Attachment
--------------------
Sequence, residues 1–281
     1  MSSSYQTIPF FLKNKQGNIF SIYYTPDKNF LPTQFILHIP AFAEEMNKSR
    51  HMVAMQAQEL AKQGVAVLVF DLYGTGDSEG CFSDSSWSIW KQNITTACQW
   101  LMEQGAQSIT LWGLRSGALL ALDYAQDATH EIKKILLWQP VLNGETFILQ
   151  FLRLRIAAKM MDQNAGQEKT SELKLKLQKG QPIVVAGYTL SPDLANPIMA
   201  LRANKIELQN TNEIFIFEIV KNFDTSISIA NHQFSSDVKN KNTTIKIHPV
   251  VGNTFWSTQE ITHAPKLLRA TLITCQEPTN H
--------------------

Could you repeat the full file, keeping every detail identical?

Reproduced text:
Sequence, residues 1–281
     1  MSSSYQTIPF FLKNKQGNIF SIYYTPDKNF LPTQFILHIP AFAEEMNKSR
    51  HMVAMQAQEL AKQGVAVLVF DLYGTGDSEG CFSDSSWSIW KQNITTACQW
   101  LMEQGAQSIT LWGLRSGALL ALDYAQDATH EIKKILLWQP VLNGETFILQ
   151  FLRLRIAAKM MDQNAGQEKT SELKLKLQKG QPIVVAGYTL SPDLANPIMA
   201  LRANKIELQN TNEIFIFEIV KNFDTSISIA NHQFSSDVKN KNTTIKIHPV
   251  VGNTFWSTQE ITHAPKLLRA TLITCQEPTN H